My grammar book states that we use Perfect Continuous to make an emphasis on the duration of the action, that is why that tense usually goes with words like how long, since and for.

However, there are 2 sentences with a slight difference.

I have been studying English for 5 years (I started doing it in the past and continue to do it)

I have studied English for 5 years (I started doing it in the past but I may have already finished doing it or I want to say that I have kind of experience in learning the language)

That is almost clear to me, but I can't understand why it is correct to use Perfect tense here

Over the centuries, the river has played a very important role in the history of Russia.

Doesn't over the centuries imply the length of the action?

Could you, please, help me with this confusion?

3 Answers 3


"Over the centuries" and "history" indicate a block period of time in the past; hence the past simple tense. The river is important in the past and may or may not continue to be so.

In order to warrant the perfect continuous (i.e. that it definitely continues to be important) you want a time phrase that makes explicit the continuing nature of its importance.

"The Volga has been playing an important in shaping Russian society ever since..."


over the centuries ... has played = in history, that is, from the earliest times when history was recorded up until the present day, it has had a role.

History can be isolated to the past, or it can impinge upon the present.


Over the centuries it played an important role until it was demolished in 1850.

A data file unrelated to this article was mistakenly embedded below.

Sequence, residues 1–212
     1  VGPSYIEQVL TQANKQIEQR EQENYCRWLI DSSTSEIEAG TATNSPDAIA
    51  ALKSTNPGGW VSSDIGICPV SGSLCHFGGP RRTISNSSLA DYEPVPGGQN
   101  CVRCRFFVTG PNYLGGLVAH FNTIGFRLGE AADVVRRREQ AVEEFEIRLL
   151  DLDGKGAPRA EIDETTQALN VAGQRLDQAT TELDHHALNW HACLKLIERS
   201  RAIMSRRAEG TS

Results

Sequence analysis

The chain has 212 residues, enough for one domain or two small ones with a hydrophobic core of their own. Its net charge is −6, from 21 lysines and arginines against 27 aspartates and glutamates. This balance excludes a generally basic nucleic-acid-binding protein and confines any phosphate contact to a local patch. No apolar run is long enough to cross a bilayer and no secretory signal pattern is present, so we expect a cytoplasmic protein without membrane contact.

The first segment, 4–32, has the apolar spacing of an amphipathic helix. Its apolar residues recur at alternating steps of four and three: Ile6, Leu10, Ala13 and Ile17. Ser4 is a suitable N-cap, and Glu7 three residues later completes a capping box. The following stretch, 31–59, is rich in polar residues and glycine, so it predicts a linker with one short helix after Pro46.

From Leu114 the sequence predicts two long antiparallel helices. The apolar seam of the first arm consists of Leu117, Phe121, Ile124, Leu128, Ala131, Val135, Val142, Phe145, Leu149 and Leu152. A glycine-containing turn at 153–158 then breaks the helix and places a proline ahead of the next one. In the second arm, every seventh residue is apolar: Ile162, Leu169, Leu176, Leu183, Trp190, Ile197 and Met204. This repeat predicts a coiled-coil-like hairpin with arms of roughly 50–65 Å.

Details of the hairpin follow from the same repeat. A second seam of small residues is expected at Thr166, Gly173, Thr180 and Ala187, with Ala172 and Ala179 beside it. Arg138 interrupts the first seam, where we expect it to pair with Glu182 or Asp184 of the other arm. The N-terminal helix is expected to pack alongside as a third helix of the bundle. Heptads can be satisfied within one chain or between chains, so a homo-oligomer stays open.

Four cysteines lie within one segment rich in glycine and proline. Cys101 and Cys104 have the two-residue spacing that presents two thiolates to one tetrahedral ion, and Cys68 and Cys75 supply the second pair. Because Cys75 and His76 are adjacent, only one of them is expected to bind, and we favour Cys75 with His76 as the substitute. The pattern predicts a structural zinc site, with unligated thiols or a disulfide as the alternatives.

Over the centuries it has played an important role, and we can expect it to continue to do so, since it is situated at the confluence of two rivers.

  • It's clear, thanks:) I understand the difference between Simple Past and Present Perfect. I just can't get it, why isn't Present Perfect Continuous used there. How can you see that it is a fact (has had a role) and not a duration (Over the centuries continues to play the role....) emphasized? Mar 10, 2018 at 10:57
  • I don't understand your comment, sorry. Which sentence of mine are your referring to? continues is simple present. It can be used of the past in which case it is called the "historical present".
    – TimR
    Mar 10, 2018 at 13:32
  • 1
    You CAN say Over the centuries it has been playing an important role in the movement of goods between Europe and Asia. But why you would want to refer to such a fact as an ongoing circumstance is not apparent. We could say This brace has been playing an important role in keeping the old building's wall from toppling over, but it is beginning to develop a stress crack.
    – TimR
    Mar 10, 2018 at 13:36

the problem is generally speaking the majority of grammar books and linguistics are so misleading, they don't answer the real explanation of this "progressive form", this is just a name "progressive" which is misleading, most of the time this has nothing to do with the progressive aspect, but grammarian can't explain it properly, too complicated.

  • This doesn't seem to answer the question.
    – Eddie Kal
    Apr 12, 2021 at 7:04
  • Because there is no "real" answer.
    – man del
    Apr 12, 2021 at 7:10

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